Listening and speaking skills are fundamental determinants of an individual's academic success. The aim of this research is to establish the relationship between listening and speaking skills, and study how listening predicts and cognitively arranges speaking. The research was carried out using the quantitative pattern in correlational type. The population of the research consists of a randomly chosen sample of 662 secondary school students from the city of Aksaray in Turkey. The data were gathered and analysed using the percentage and frequency techniques and gender variance comparisons were made. Independent group t-tests, and variance analysis were used on grade, parental education status, book reading, TV watching and internet use. To determine the relationship between the variables, Pearson correlation coefficient was used and to determine the predicting relationship, simple linear regression analysis was used. The research found that girls have higher verbal communication skills and that the higher the level of parental education and the more time spent reading books led to an increase in verbal communication skills and self-efficacy, whereas the amount of time spent watching TV and using a computer had a negative effect on self-efficacy. Statistics show that listening skill is a significant predictor of speaking skill.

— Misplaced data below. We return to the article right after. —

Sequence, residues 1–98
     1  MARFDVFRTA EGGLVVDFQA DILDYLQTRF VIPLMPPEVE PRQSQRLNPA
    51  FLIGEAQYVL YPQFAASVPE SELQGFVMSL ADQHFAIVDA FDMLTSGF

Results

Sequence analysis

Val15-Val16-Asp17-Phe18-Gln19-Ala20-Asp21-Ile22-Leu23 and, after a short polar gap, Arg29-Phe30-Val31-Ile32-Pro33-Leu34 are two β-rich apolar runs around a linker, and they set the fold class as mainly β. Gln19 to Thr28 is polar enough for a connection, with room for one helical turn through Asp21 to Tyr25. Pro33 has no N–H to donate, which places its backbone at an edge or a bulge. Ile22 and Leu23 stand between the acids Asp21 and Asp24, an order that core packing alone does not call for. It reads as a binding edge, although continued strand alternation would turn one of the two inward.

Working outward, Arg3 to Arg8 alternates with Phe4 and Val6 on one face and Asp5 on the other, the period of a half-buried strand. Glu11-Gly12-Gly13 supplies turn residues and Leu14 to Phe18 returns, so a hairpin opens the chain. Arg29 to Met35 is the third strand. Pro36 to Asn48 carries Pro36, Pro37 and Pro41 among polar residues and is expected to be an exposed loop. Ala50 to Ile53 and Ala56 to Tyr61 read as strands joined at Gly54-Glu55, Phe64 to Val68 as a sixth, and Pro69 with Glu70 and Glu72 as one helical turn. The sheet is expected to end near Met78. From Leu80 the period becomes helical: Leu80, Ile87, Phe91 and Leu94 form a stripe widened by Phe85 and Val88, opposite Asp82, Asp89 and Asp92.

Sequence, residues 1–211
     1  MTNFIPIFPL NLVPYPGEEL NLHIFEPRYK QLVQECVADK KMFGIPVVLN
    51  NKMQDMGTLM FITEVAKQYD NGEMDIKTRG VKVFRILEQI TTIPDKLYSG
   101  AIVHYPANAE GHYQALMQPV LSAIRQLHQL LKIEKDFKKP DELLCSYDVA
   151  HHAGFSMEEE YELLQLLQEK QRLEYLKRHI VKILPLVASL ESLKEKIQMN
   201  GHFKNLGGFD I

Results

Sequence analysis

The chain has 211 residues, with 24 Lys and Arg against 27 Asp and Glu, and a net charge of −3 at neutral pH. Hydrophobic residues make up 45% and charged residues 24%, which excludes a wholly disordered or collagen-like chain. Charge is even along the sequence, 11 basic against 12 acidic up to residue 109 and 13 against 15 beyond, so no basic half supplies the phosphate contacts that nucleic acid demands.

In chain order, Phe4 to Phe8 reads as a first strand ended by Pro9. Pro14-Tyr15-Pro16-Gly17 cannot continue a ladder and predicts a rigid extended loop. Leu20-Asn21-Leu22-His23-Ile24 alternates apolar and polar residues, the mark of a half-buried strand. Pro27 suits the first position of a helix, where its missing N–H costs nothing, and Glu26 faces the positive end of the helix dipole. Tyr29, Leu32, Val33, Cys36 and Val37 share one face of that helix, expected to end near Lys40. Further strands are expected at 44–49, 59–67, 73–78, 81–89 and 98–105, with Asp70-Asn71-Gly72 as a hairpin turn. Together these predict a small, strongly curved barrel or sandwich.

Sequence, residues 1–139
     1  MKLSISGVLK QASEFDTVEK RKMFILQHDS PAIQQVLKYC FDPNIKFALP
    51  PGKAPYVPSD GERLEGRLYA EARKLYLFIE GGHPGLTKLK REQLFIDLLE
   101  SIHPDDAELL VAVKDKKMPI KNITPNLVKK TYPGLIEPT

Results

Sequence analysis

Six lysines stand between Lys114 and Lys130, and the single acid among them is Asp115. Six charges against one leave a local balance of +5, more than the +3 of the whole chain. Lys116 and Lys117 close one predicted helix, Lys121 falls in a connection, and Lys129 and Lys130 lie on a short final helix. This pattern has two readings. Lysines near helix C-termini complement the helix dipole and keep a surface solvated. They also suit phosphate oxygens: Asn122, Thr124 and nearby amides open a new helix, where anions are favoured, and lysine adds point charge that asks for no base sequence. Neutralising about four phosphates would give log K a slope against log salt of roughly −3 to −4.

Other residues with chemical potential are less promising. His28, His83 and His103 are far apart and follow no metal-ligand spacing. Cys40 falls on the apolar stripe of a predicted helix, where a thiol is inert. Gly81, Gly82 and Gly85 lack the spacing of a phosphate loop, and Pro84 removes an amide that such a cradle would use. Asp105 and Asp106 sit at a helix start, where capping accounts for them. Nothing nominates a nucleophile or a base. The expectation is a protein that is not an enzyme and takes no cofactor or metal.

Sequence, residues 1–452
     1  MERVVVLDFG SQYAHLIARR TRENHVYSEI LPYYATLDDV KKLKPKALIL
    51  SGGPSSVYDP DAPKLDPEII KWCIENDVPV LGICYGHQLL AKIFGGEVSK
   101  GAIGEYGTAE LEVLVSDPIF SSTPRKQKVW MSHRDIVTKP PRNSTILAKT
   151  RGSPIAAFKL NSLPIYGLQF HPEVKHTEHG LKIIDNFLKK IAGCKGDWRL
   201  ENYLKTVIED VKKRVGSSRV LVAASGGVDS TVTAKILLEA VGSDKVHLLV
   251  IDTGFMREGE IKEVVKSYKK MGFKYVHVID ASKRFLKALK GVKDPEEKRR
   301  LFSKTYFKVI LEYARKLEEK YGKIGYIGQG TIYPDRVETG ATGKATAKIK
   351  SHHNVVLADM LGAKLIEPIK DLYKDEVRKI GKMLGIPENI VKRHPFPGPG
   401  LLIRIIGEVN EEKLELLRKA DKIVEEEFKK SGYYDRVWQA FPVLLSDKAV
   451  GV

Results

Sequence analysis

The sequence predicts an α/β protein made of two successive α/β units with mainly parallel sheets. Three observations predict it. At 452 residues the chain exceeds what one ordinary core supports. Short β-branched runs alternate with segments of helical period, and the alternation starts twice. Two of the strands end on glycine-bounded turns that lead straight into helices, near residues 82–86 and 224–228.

Demir, S. (2017). An Evaluation of Oral Language: The Relationship between Listening, Speaking and Self-efficacy. Universal Journal of Educational Research, 5(9), 1457–1467. https://doi.org/10.13189/ujer.2017.050903